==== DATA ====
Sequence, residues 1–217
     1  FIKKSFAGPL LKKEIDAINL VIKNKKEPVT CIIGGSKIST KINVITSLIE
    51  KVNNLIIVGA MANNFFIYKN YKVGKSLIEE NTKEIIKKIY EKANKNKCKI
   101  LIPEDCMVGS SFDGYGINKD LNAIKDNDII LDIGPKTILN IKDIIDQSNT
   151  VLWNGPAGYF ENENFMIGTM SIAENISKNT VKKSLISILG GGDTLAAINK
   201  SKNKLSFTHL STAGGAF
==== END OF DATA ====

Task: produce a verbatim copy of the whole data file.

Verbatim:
Sequence, residues 1–217
     1  FIKKSFAGPL LKKEIDAINL VIKNKKEPVT CIIGGSKIST KINVITSLIE
    51  KVNNLIIVGA MANNFFIYKN YKVGKSLIEE NTKEIIKKIY EKANKNKCKI
   101  LIPEDCMVGS SFDGYGINKD LNAIKDNDII LDIGPKTILN IKDIIDQSNT
   151  VLWNGPAGYF ENENFMIGTM SIAENISKNT VKKSLISILG GGDTLAAINK
   201  SKNKLSFTHL STAGGAF